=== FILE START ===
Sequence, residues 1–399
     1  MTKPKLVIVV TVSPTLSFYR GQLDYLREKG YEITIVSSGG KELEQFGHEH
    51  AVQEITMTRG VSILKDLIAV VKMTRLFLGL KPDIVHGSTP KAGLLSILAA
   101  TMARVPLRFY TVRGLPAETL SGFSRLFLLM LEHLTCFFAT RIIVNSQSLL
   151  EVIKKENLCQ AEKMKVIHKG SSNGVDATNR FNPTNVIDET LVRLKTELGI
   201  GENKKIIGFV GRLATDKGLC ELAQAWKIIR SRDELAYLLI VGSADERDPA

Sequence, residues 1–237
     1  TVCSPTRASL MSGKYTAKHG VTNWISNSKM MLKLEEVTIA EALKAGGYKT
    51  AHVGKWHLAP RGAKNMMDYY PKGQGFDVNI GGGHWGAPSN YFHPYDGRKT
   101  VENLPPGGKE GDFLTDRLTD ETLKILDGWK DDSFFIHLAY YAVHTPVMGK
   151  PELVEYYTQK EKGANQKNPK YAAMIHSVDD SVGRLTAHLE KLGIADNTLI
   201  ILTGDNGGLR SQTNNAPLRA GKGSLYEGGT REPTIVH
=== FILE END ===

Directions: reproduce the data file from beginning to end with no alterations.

Sequence, residues 1–399
     1  MTKPKLVIVV TVSPTLSFYR GQLDYLREKG YEITIVSSGG KELEQFGHEH
    51  AVQEITMTRG VSILKDLIAV VKMTRLFLGL KPDIVHGSTP KAGLLSILAA
   101  TMARVPLRFY TVRGLPAETL SGFSRLFLLM LEHLTCFFAT RIIVNSQSLL
   151  EVIKKENLCQ AEKMKVIHKG SSNGVDATNR FNPTNVIDET LVRLKTELGI
   201  GENKKIIGFV GRLATDKGLC ELAQAWKIIR SRDELAYLLI VGSADERDPA

Sequence, residues 1–237
     1  TVCSPTRASL MSGKYTAKHG VTNWISNSKM MLKLEEVTIA EALKAGGYKT
    51  AHVGKWHLAP RGAKNMMDYY PKGQGFDVNI GGGHWGAPSN YFHPYDGRKT
   101  VENLPPGGKE GDFLTDRLTD ETLKILDGWK DDSFFIHLAY YAVHTPVMGK
   151  PELVEYYTQK EKGANQKNPK YAAMIHSVDD SVGRLTAHLE KLGIADNTLI
   201  ILTGDNGGLR SQTNNAPLRA GKGSLYEGGT REPTIVH